Protecting Endangered Species of Northwest California

HO8D05~1People alone do not make a community. Every community has a place and every place is home to critters of all kinds. On California’s North Coast, there lives a diversity of unique wildlife that must be protected. The Northern Spotted Owl, the Coho Salmon and the Marbled Murrelet deserve our respect not because they are cute or represent an economic market, but because they possess the same natural right to exist and flourish as human beings do. These critters are just as much a part of the North Coast as the people who call this region home. EPIC is working hard to protect the wildlife of Northern California and in doing so strengthen the holistic nature of the community. Click here to view recent news and updates in EPIC’s Endangered Species Archives

Chinook SalmonChinook Salmon EPIC strives to protect Chinook salmon and their habitat from degradation of habitat due to loss of stream-side vegetation, filling of wetlands, decline in water quality of small streams, adverse competition from hatchery-grown coho salmon, and inadequate regulatory mechanisms.

biocohocougar01inhancedCoho Salmon More than 106 native Pacific salmon stocks are now extinct, and 214 more are at risk of extinction. After considerable effort and litigation by EPIC and dozens of other conservation groups, the Northern California/Southern Oregon coho salmon population has finally been listed as ‘threatened’ under the Endangered Species Act.

Lone WolfGray Wolf  On December 29, 2011, the first known wolf in more than 85 years returned to California. Three years later, on June 4, 2014, Gray Wolves were granted protection under the California Endangered Species Act (CESA). At EPIC, we intend to advocate for wolves by defending our forests and wild areas from exploitation and destruction, while also working to educate the public, and helping to reduce potential conflicts.

bioGreen sturgeonepi#10016Green Sturgeon  Green sturgeon  can reach over 7 feet in length and migrates in huge numbers, until very recently. The species has declined by 88 percent throughout most of its range and is in danger of becoming extinct. In 2006, EPIC successfully petitioned to protect the green sturgeon as “threatened” under the federal Endangered Species Act.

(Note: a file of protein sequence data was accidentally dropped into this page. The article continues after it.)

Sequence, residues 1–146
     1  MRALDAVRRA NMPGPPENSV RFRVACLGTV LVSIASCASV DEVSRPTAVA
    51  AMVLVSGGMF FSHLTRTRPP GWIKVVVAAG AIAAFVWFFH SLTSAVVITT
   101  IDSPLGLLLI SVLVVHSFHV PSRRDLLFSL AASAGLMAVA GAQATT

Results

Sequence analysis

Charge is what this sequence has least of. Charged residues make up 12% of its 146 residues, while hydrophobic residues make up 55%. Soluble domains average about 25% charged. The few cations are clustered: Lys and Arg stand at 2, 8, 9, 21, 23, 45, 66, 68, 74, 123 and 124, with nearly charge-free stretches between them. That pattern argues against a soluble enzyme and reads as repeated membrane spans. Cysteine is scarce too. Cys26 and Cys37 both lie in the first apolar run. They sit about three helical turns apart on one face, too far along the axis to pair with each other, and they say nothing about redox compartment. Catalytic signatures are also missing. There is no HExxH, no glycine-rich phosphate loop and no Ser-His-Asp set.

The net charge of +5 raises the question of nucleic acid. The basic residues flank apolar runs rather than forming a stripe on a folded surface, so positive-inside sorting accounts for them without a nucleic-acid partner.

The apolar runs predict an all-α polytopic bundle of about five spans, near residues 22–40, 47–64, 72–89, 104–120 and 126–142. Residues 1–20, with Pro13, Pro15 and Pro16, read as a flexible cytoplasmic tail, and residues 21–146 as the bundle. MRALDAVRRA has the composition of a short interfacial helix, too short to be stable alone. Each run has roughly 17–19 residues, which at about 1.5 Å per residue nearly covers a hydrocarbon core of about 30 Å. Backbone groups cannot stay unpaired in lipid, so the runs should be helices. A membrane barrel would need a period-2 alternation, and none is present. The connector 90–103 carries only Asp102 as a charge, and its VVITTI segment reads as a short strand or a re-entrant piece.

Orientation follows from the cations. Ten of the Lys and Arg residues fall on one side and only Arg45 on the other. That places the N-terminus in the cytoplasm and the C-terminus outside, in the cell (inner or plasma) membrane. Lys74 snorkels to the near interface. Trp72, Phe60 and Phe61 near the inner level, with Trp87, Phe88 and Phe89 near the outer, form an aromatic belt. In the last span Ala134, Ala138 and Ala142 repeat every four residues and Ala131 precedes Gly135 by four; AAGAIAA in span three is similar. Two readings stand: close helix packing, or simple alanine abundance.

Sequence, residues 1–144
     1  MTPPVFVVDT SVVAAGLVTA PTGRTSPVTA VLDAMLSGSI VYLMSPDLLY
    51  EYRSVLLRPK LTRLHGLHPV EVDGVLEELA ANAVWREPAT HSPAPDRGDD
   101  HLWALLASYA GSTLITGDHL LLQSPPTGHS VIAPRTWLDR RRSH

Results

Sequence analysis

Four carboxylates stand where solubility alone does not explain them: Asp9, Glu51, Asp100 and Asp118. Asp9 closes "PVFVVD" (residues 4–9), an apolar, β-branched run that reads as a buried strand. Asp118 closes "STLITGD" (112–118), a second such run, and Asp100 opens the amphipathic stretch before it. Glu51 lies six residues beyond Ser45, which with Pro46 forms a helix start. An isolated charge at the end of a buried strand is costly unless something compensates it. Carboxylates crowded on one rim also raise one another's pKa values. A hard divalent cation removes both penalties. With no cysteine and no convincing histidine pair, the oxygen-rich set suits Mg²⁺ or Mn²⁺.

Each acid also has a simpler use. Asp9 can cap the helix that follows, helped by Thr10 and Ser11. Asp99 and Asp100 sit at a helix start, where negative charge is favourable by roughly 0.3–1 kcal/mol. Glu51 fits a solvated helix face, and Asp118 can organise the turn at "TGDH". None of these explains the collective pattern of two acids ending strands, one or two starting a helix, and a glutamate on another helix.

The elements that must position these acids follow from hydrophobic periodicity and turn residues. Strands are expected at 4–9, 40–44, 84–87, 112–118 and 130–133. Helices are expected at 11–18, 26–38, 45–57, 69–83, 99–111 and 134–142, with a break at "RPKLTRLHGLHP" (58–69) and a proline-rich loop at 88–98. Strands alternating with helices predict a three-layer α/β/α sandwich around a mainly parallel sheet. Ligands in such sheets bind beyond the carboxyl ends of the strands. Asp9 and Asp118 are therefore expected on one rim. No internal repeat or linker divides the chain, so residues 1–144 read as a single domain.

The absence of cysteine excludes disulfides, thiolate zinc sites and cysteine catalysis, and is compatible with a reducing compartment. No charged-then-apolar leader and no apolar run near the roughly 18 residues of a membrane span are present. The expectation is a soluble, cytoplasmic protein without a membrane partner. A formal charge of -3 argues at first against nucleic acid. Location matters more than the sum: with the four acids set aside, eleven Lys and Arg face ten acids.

Humboldt Marten at Bait Station Humboldt Marten  The Humboldt Marten (Martes caurina humboldtensis) is a stealthy, cat-sized forest carnivore in the weasel family (related to minks and otters.) The Humboldt marten is so rare that it was thought extinct until rediscovered in 1996. Due to extensive clear-cut logging and short rotation forestry, the marten has been eliminated from 95 percent of its historic range. After considerable effort from EPIC and other conservation organizations, the Humboldt Marten has been listed as “threatened” under the Endangered Species Act. EPIC is still striving to ban the damaging forestry practices that are driving the Humboldt marten to the brink of extinction.

Murrelet USFWSMarbled Murrelet  The marbled murrelet is a small seabird that nests on the mossy limbs of old-growth trees.  The precedent setting Marbled Murrelet and EPIC v. Pacific Lumber was EPIC’s first federal endangered species case and it was the first time the ESA was applied to stop logging on private forest land to conserve the habitat of an endangered species.

NSO fem&juv _0397Northern Spotted Owl  EPIC continues to advocate for the protection of spotted owls and spotted owl habitat across the species’ range in California both on private and public lands. Conservation of older forests and protecting core habitats for the spotted owl are essential for the survival and recovery of this species.

Pacific FisherPacific Fisher  The Pacific Fisher inhabits old-growth forests and once ranged from British Columbia through Northern California. This elusive mammal was decimated by logging and early fur trapping, and only two native populations remain today—one near the western California/Oregon border, and one in the southern Sierra Nevada Mountains.

1156894183_Scott_Bar_SalamanderScott Bar and Siskiyou Mountains Salamanders  The Department of Fish and Game  is actively trying to remove the Siskiyou Mountain salamander from the state list of threatened species, even though stacks of recent research show that Northern California’s frogs and salamanders face a host of threats from logging to climate change to fungal disease. EPIC is confident that it will prevail in legal challenges to the agencies’ blatant disregard for science and fact.